How are recent policy changes affecting how scientists engage with the public? How are new technologies influencing how scientists disseminate their work and knowledge? How are new media platforms changing the way the public interact with scientific information? Investigating Science Communication in the Information Age is a collection of newly-commissioned chapters by leading science communication scholars. It addresses current theoretical, practical and policy developments in science communication, including recent calls for greater openness and transparency; and engagement and dialogue on the part of professional scientists with members of the public. It provides a timely and wide-ranging review of contemporary issues in science communication, focusing on two broad themes. The first theme critically reviews the recent dialogic turn and ascendant branding of 'public engagement with science'. It addresses contemporary theoretical and conceptual issues facing science communication researchers, and draws on a range of methodological approaches and examples. The second theme, popular media, examines recent trends in the theory and research of these forms of science communication.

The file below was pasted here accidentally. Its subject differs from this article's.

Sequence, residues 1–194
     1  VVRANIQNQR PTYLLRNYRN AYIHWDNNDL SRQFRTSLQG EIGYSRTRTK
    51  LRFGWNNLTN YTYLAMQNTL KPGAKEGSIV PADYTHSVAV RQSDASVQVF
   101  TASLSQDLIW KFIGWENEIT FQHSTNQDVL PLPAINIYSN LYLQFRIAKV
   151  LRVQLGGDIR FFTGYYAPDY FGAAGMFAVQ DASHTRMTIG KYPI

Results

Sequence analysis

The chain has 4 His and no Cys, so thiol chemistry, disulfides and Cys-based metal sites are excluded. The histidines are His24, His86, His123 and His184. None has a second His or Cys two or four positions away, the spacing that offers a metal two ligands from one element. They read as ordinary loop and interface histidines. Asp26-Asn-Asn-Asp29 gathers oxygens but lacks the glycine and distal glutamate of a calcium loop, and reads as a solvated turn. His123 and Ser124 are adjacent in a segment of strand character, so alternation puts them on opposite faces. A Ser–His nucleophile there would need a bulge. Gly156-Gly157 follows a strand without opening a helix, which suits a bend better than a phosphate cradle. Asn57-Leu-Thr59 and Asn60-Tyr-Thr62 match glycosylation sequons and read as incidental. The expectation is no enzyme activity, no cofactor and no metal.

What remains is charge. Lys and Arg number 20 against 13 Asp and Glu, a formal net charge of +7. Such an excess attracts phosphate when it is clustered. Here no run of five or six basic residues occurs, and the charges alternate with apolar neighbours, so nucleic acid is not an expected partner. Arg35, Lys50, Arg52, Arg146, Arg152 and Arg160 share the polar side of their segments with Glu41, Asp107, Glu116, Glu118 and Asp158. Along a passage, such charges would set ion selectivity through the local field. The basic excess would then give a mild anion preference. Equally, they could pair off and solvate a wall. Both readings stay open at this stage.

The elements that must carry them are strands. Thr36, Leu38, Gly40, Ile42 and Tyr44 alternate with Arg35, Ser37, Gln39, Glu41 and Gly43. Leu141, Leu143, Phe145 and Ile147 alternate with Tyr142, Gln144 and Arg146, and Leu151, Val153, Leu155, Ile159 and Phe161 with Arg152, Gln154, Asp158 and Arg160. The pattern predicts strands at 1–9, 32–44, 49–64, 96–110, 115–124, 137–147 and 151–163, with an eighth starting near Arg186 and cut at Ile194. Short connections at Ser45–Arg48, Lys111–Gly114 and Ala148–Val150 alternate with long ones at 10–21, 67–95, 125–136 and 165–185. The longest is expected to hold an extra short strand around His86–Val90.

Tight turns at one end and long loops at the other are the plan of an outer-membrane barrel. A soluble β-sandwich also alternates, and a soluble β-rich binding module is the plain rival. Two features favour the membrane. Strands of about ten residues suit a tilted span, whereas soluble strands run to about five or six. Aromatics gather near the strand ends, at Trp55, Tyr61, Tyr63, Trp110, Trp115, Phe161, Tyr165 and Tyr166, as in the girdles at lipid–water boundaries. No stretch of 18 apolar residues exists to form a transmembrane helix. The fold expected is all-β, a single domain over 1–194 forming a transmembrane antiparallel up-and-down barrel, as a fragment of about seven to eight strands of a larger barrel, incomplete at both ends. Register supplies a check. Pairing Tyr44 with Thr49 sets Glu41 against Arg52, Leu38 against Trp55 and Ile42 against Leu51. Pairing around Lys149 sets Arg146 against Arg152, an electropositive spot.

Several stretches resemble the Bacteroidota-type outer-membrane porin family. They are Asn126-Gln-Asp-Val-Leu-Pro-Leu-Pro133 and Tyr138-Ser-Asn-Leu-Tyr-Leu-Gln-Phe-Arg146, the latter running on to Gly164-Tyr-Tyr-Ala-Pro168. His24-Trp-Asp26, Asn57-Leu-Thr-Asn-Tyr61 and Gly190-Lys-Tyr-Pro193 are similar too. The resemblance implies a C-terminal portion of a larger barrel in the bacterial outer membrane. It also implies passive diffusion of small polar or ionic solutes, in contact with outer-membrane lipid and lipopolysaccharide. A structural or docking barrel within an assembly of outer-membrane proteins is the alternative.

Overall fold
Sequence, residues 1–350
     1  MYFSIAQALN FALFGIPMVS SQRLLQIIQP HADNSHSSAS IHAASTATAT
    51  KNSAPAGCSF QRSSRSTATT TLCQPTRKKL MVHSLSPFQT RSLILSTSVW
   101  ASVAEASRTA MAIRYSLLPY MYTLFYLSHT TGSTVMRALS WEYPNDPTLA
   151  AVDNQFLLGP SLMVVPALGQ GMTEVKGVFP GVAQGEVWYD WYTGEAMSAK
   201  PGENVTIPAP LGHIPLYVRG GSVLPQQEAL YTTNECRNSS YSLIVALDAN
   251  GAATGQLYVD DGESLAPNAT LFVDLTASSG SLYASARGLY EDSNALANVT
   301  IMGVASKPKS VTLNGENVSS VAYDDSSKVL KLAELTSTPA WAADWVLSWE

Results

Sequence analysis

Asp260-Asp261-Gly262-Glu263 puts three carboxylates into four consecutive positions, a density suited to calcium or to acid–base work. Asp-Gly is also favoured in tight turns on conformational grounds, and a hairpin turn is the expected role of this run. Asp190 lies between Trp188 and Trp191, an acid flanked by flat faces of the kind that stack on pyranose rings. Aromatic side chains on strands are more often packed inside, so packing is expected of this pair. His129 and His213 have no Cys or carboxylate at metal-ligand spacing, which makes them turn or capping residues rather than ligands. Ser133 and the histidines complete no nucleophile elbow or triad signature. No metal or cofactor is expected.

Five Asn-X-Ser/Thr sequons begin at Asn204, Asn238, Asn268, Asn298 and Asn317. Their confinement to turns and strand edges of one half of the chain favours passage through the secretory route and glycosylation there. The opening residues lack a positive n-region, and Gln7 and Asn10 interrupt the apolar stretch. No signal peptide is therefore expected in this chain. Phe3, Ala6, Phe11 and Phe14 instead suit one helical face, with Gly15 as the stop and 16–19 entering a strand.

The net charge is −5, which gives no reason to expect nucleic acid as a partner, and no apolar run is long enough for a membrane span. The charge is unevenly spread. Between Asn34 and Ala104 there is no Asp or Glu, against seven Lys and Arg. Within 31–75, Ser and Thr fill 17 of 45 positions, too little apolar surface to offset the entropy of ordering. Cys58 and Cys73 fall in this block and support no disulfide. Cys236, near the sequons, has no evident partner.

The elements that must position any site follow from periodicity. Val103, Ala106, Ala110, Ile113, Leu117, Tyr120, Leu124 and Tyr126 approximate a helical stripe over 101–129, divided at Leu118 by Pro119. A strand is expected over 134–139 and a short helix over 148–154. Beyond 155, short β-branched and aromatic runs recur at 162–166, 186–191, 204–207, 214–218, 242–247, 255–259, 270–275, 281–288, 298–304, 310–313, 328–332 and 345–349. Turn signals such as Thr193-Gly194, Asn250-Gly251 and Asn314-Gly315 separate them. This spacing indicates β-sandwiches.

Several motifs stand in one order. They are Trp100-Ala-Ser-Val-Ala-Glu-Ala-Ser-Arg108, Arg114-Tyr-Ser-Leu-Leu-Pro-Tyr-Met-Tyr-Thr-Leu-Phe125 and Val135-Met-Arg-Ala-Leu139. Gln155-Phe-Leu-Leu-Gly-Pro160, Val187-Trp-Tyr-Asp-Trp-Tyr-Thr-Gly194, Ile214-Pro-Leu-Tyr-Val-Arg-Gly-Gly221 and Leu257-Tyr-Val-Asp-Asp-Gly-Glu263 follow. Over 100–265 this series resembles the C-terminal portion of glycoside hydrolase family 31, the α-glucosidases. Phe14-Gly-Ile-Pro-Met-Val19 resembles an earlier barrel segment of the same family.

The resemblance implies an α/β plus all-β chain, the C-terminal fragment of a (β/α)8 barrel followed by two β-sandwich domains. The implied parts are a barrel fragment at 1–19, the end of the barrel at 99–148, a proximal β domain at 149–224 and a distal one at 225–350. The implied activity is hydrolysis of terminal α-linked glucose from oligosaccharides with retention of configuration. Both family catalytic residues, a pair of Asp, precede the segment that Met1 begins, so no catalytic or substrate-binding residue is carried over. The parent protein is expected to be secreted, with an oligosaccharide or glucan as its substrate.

It includes contemporary accounts of the study of 'traditional' forms of popular media, including television and newspapers, examining how they are produced, represented and consumed. This theme also documents examples where novel forms of popular media are challenging researchers to re-think how they approach these forms of science communication. A companion volume, Practising science communication in the information age, provides an ideal introduction to anyone wishing to reflect on the practices of contemporary science communication.
Buy Investigating Science Communication in the Information Age book by Richard Holliman from Australia's Online Bookstore, Boomerang Books.
(246mm x 171mm x 17mm)
Oxford University Press
Publisher: Oxford University Press
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Author Biography - Richard Holliman
Jeff Thomas is a senior lecturer within the Department of Biological Sciences at the Open University. He has worked at the OU all his professional life, contributing to a wide range of teaching initiatives in biology and in health sciences, and more recently to a range of projects concerned with contemporary science issues and on the relationships between science and different publics, at both undergraduate and Masters level. His research interests are concerned with the influence of contemporary science controversies on public attitude, on conceptual problems of learning biological science, and in public involvement in science-based policy-making. He also teaches part-time for Birkbeck College, University of London on its Diploma in Science Communication.